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Organ Grinders

A Bad Year for Livers


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Several gallstones rattled out of Larry Hagman during his liver-transplant surgery this year. Hagman intends to donate those stones to an artist who will use them in a sculpture. This may seem tacky in comparison to the lifesaving gift Hagman received, but don't think his mental faculties were affected by the operation. He simply knows that America is fascinated with celebrity giblets.

And this year America feasted on liver. Livers in the news this year belonged to Hagman, Mickey Mantle, Chicago Bears defensive end Carl Reeves, and even, tragically, Mount Carmel High School football player Kevin Dowling. We might not like liver on the dinner table, but we couldn't get enough of it on the news.

Mickey Mantle was the premier liver celebrity. He was a real celebrity from the start--not some foil for Barbara Edens--and he held up his listless liver as a warning against his own infamous profligacy. He also left a legacy of medical controversy.

While liver waiting periods are typically about four months, Mantle's liver was replaced in about the time he would have spent at a Jiffy Lube. People couldn't help but wonder if the Mick had cut in line--bad enough at the grocery store but particularly heinous when it comes to body parts. What's more, Mantle snagged the liver despite the dubious viability of the rest of his body. That sparked a debate about whether we should give a new lease on life to people who were bad tenants in the first place.

Medical news in '95 showed that even the most conscientious tenants may still lose their livers. Both Reeves and Dowling overheated during football practice in the steamy summer temperatures, throwing their livers into overload. Reeves recovered, though he's still on the injured reserve list. Dowling needed a transplant. It was initially successful, but within a few weeks he died of cardiac arrest.

Figure you're safe since you're not an athlete? You're forgetting that bottle of Tylenol in the medicine cabinet. Evidence--and lawsuits--grew this year showing that the painkiller acetaminophen can pickle your liver too given the right conditions. If you like to chase your Tylenol with liquor, go ahead and have some onions too. They go great with fried liver.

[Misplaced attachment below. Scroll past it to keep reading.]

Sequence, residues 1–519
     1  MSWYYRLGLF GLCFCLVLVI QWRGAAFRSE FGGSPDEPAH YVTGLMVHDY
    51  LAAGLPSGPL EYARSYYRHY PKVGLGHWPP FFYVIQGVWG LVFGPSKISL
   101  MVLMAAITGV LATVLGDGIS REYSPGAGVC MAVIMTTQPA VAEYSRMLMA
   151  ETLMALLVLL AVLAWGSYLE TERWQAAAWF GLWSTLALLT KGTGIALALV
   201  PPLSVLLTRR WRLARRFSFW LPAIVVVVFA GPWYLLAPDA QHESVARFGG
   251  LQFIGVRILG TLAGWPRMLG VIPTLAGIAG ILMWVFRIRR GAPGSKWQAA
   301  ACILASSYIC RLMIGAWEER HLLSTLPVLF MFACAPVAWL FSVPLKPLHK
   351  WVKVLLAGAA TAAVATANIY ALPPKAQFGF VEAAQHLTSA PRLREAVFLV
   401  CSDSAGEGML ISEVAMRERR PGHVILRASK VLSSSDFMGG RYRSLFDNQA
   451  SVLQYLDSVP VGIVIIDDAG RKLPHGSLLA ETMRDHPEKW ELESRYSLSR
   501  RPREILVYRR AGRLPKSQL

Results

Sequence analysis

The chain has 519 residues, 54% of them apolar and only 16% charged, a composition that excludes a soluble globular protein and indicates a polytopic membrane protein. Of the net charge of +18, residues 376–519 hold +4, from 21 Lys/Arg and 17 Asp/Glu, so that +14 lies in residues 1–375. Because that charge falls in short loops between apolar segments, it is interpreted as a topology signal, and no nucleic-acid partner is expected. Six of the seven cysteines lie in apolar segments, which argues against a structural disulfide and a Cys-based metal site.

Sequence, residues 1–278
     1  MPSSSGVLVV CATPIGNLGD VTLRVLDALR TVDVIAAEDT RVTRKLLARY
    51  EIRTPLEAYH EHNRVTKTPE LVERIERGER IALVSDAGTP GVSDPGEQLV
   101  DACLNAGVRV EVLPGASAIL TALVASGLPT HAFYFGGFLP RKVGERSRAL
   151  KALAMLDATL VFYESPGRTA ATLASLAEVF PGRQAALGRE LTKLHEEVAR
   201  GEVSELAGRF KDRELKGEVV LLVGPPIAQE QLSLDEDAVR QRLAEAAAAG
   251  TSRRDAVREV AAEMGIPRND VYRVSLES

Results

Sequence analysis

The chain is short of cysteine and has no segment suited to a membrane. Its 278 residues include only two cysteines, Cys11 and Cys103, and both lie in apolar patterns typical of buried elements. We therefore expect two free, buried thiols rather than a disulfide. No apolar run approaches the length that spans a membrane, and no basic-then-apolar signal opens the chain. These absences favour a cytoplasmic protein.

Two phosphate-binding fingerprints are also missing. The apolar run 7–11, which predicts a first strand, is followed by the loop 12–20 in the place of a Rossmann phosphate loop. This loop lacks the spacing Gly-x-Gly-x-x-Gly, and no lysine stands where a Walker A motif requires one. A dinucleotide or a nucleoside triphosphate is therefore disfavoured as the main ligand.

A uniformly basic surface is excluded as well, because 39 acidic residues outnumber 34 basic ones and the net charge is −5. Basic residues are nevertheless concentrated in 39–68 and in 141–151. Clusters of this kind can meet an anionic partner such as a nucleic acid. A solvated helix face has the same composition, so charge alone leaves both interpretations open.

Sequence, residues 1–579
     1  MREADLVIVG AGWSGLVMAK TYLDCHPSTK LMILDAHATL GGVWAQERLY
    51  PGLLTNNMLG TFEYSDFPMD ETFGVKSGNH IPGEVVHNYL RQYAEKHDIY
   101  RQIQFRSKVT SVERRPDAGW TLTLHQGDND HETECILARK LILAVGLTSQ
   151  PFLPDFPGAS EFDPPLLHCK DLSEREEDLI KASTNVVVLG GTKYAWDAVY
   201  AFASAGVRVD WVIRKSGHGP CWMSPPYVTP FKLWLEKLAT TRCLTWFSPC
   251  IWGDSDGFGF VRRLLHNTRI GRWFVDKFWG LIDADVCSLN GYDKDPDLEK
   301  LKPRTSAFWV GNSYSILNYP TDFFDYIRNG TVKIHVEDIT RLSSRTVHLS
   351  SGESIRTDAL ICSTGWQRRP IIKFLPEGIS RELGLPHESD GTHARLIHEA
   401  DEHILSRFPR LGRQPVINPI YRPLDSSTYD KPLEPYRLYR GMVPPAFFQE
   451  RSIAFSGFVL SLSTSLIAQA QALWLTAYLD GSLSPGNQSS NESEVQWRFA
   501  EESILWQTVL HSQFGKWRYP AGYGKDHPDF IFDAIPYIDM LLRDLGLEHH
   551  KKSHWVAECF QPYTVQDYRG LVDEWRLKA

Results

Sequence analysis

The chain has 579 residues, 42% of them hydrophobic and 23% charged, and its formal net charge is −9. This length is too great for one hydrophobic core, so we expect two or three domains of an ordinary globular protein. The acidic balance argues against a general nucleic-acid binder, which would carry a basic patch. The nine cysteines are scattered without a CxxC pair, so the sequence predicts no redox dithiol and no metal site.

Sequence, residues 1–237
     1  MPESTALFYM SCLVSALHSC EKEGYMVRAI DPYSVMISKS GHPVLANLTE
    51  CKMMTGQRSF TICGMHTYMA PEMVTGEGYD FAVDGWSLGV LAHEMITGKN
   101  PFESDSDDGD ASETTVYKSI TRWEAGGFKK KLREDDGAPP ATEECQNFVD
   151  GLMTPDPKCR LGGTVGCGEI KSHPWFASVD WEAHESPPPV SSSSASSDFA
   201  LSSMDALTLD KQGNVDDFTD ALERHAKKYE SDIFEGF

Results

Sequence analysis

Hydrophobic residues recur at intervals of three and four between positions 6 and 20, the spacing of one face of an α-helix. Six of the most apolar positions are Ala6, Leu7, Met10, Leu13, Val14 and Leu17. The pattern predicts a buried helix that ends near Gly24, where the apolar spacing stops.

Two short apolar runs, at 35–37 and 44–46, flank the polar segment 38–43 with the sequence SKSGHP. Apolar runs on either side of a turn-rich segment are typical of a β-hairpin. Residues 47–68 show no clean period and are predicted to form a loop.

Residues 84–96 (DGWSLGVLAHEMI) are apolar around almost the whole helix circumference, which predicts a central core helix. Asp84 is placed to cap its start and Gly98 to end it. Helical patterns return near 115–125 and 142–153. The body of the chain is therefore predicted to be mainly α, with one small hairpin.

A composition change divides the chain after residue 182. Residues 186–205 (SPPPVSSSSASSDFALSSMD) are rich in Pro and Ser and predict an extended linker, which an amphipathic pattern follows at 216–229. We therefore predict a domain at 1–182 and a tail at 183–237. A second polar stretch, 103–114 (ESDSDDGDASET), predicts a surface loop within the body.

Some history: The liver was once considered the center of emotions. It wasn't until the discovery of blood circulation that Cupid aimed for the ticker. This year more evidence was given for junking the liver as a symbol of heterosexual union: studies show that women's bodies tend to reject livers donated by men. According to the experts, a woman's immune system detects and attacks a liver's "maleness." The studies do not mention whether men have trouble accepting female livers. My guess is that men will accept them, just not make a commitment.

Limiting the donor pool by sex is going to make it even stickier for those needing extra innards. The pool of organ donors in America is already frighteningly small--more people vote than donate livers. Various incentive programs are being considered to increase the organ pool. Some toy with the idea of monetary rewards. I like Singapore's policy of giving organs only to people who agreed to be donors themselves before they knew they were ill.

Or maybe we could just offer donors a free peek at Larry Hagman's gallstones.

Art accompanying story in printed newspaper (not available in this archive): photo manipulation/David K. Nelson, Jim U-Boat.

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